In the following interview with Mrs. Kranik, the middle school and high school librarian here at Rosslyn Academy, questions concerning Harry Potter and the red tag were asked:

Eagle Watch: What do the books that you red tag normally consist of?
Kranik: A few things–sex, too much blood, being overly grotesque. This is a middle school library, so we have kids as young as 6th graders coming in. Also books that are controversial, like that Harry Potter series. It’s very controversial, especially with parents. Some parents are okay with it, some aren’t.
EW: Who is in charge of red tagging the books?
K: Ultimately, it’s me. I know people will read every book… All of our fiction gets read by somebody to make sure the book is appropriate. If there are concerns, whoever is reading it will tell me. The reason Harry Potter was red labeled was that when I came to Rosslyn, they were put in the back room and people didn’t have any access to them whatsoever. So I decided that at least if they were red labeled, people could read them.
EW: What do you personally think about the books?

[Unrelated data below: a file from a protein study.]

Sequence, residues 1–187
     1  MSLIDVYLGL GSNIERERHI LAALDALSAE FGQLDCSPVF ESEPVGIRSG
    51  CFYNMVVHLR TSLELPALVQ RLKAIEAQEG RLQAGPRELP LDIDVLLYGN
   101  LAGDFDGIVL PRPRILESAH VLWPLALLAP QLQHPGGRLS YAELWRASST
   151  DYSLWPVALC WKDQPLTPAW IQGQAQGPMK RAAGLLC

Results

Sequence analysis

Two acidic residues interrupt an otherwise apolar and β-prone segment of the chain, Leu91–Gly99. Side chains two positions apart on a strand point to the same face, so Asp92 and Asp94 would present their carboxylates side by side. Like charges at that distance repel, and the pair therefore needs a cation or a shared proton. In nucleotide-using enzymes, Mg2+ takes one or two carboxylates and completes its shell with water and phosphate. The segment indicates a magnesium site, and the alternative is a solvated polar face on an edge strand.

K: I think I’m more comfortable with high schoolers reading them. As they go on, they get more darkly spiritual. That’s just me–I know parents that are comfortable with their upper elementary kids reading them but because they were so controversial… Red label means the parents ultimately decides; because unless you’re a junior or a senior, you have to have a written permission.
EW: Do you think it has anything against Christianity?
K: I think once you start getting darkly spiritual, by definition, yes. When it starts bordering on so much magic, it’s dark magic, then by definition it’s anti Christian.
EW: Would you consider ever banning the red tags off the books?
K: I have, but because of the younger people who do come to the library, it’s not something they should be able to check out without the approval of their parents.

As an avid reader, and a huge Harry Potter fan, the red tag rule still comes across as somewhat ridiculous. Although Mrs. Kranik did explain her case, it’s still a strange phenomenon–to block people out of a world that can take them on adventures with Harry. The story only needs magic to enhance it, if this was an ordinary boy with no powers, surely the series wouldn’t be too interesting. If kids are allowed to read Lord of the Rings, and the Chronicles of Narnia, why are they restricted from this?